The revolt of the faithless city was now punished with exemplary severity. All the senators, and other nobles, were put to death, or thrown into dungeons, where they ultimately perished : the other citizens were removed to a distance from their homes, the greater part of them beyond the Tiber; and the whole territory of the city confiscated to the Roman state: all local magistracies were abolished, and the mixed population of strangers, artisans, and new settlers, which was allowed to remain within the walls was subjected to the jurisdiction of the Roman praefect. (Liv. 26.15, 16, 33, 34; Cic. de Leg. Agr. 1.6, 11, 28, 32.) The city itself was only spared, says Livy, in order that the most fertile lands in Italy might not be left without inhabitants to cultivate them: but its political importance was for ever annihilated, and the proud capital of Campania reduced to the condition of a provincial town of the most degraded class. The policy of the Romans in this instance was eminently successful: while the advantages which Capua derived from its position in the midst of so fertile a plain, and on the greatest high road of the empire, soon raised it again into a populous and flourishing town, and virtually, though not in name, the capital of Campania, it continued to be wholly free from domestic troubles and seditions, and its inhabitants were remarkable for their fidelity and attachment to Rome, of which they gave signal proof during the trying period of the Social War. (Cic. de Leg. Agr. 2.3. 3) It is probable that they were on this occasion restored to the possession of municipal privileges, for though Velleius represents them as first recovering these, when they became a colony under Caesar, they certainly appear to have been in possession of them in the time of Cicero. (Vell. 2.44; Cic. pro Sest. 4, in Pison. 12.) Its importance at this period is sufficiently attested by the repeated notices of it that occur during the Civil Wars of Rome. Thus it was at Capua that Sulla had assembled his army for the Mithridatic War, and from whence he turned the arms of his legions against Rome: it was here, too, that the next year Cinna first raised the standard of revolt against the Senate. (Appian, App. BC 1.56, 57, 63, 65.) Again, on the outbreak of the war between Caesar and Pompey, the partisans of the latter at first made Capua a kind of head-quarters, which they were, however, soon constrained to abandon. (Id. B.C. 2.29, 37; Caes. B.C. 1.14; Cic. Att. 7.1. 4) It is also mentioned on occasion of the conspiracy of Catiline, as one of the places where his emissaries were most active: in consequence of which, after the suppression of the danger, the municipality spontaneously adopted Cicero as their patron. (Cic. pro Sest. 4.)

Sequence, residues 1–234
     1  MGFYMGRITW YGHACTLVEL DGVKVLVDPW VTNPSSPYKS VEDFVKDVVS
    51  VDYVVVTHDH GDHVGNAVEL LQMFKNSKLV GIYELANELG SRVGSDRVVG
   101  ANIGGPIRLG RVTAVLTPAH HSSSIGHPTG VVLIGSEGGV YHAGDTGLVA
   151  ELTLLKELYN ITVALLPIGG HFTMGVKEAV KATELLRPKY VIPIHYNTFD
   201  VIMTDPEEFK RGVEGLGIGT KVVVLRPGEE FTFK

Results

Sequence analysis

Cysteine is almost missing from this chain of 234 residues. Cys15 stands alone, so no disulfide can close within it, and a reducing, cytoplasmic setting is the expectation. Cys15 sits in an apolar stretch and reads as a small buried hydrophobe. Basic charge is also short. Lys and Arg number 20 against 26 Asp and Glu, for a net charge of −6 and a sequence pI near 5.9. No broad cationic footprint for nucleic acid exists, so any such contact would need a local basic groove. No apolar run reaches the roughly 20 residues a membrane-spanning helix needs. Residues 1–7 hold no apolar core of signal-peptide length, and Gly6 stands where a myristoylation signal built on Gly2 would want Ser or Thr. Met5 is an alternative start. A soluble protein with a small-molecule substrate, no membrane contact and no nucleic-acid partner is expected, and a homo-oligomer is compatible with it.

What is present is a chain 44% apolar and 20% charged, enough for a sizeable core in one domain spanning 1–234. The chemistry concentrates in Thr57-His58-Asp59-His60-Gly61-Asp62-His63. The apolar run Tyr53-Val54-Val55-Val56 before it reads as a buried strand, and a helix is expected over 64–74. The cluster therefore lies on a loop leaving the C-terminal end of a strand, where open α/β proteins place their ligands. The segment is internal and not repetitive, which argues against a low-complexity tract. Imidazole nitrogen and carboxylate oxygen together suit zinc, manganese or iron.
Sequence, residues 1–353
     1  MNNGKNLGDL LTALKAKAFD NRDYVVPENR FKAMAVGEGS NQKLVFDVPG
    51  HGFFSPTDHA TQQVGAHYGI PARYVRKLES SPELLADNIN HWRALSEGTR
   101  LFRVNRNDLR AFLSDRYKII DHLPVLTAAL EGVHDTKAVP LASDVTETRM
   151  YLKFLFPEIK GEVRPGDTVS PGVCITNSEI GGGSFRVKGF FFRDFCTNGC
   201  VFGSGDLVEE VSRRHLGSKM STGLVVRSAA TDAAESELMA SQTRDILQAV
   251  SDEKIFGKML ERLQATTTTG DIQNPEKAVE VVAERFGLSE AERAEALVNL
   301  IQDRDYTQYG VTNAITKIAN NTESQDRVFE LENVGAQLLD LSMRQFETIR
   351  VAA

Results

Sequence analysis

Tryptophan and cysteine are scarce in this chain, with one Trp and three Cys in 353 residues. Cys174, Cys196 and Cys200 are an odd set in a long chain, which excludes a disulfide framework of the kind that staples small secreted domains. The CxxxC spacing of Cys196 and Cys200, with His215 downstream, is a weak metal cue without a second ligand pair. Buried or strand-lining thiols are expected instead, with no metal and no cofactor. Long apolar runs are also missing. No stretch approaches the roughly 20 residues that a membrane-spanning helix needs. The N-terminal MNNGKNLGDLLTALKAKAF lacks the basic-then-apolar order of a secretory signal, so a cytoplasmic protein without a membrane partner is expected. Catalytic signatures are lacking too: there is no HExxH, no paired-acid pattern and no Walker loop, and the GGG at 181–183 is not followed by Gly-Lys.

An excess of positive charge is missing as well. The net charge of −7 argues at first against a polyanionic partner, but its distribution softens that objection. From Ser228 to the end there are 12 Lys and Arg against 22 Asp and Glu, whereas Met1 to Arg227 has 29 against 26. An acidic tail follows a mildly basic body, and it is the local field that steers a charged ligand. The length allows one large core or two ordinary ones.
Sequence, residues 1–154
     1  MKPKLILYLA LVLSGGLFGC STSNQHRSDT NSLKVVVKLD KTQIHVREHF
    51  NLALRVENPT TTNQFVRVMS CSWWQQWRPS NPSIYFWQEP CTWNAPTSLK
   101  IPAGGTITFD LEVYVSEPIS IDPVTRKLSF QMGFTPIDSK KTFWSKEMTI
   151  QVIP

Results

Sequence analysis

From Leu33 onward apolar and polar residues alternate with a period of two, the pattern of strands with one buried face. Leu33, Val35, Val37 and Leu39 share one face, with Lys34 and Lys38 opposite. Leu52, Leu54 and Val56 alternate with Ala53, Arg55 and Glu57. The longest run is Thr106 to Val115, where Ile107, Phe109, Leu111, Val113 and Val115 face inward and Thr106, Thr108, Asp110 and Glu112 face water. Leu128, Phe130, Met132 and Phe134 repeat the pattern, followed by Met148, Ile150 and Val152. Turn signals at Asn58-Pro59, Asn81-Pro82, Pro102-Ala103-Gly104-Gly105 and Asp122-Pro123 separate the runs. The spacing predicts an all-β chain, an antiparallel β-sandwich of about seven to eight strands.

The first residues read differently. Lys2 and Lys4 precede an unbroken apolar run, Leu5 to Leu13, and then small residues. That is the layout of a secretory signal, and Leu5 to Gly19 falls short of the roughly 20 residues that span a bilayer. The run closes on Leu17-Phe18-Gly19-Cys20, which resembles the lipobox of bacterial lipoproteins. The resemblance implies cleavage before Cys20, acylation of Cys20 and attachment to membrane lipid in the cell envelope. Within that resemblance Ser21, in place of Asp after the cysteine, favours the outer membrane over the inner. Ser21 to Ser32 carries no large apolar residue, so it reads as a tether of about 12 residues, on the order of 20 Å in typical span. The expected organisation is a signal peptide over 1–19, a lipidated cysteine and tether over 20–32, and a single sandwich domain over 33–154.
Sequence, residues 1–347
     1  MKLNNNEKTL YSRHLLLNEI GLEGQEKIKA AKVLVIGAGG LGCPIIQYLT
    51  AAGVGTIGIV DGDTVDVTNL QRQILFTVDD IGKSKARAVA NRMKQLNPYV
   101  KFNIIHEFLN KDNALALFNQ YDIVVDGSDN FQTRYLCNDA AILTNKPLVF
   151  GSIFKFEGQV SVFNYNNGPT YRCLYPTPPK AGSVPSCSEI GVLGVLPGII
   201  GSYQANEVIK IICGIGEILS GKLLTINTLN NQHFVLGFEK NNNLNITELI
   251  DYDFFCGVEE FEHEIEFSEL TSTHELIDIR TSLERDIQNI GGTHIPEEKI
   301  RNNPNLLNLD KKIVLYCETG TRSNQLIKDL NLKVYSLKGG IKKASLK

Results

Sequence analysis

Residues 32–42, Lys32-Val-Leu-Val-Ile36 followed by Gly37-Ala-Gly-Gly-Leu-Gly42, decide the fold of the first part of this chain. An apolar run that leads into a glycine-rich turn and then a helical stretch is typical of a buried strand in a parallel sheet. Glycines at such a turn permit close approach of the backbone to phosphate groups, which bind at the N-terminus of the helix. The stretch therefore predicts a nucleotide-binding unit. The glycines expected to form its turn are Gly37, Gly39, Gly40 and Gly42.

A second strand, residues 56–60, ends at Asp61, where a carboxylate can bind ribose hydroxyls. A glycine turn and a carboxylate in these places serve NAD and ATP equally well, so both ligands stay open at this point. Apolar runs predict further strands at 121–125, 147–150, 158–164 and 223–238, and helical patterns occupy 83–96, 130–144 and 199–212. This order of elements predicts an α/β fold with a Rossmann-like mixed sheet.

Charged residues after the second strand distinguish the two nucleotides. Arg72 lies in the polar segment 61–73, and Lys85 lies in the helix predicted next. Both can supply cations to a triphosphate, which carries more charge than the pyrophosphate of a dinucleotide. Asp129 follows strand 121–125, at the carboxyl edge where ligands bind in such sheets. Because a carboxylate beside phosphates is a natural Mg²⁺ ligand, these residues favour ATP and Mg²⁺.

Capua is at this time termed by the great orator “urbs amplissima atque ornatissima.” (Id. de Leg. Agr. 28.) But the territory which had once belonged to it, the fertile “ager Campanus,” was retained by the Romans as the property of the state, and was guarded with jealous care as one of the [p. 1.512]chief sources of the public revenue: so that it was exempted even in the general distributions of the public lands by the Gracchi, and by Sulla (Cic. de Leg. Agr. 1.7), though the latter seems to have at least trenched upon some portions of it. (Lib. Colon. p. 232; Zumpt, de Colon. p. 252.) In B.C. 63, the tribune, Servilius Rullus, brought in an agrarian law, of which one of the chief objects was the division of this celebrated district: but the eloquence of Cicero procured its rejection. (Cic. in Pison. 2; Plut. Cic. 12.) A few years later, however, the same measure was carried into effect by the Lex Julia Agraria passed by Caesar in his consulship, B.C. 59, and 20,000 Roman citizens were settled in the “ager Campanus,” and the adjoining district, called the Campus Stellatis. (D. C. 38.7; Caes. B.C. 1.14; Suet. Jul. 20; Appian, App. BC 2.10; Veil. Pat. 2.44; Cic. Att. 2.1. 6

Capua thus became a Roman colony, and from henceforth continued to enjoy a dignity corresponding to its real importance. But the colonists settled here by Caesar were not long permitted to retain their lands in tranquillity. Among the cities of Italy, the possession of which the Triumvirs were compelled to promise to their legions in B.C. 43, Capua held a prominent place (Appian, App. BC 4.3): it appears to have fallen to the lot of the veterans of Octavian, on which account the latter made it the head-quarters of his army previous to the war of Perusia, B.C. 41. (Id. 5.24.) We learn also that he further increased it by the establishment of fresh bodies of veterans after the battle of Actium: in consequence of which repeated accessions, the city appears to have assumed the titles of “Colonia Julia Augusta Felix,” which we find it bearing in inscriptions. On the last of these occasions Augustus conferred an additional boon upon Capua (which he seems to have regarded with especial favour) by bestowing upon the municipality a valuable tract of land in the island of Crete, and by constructing an aqueduct, which added greatly to the salubrity of the city. (Vell. 2.81; D. C. 49.14.)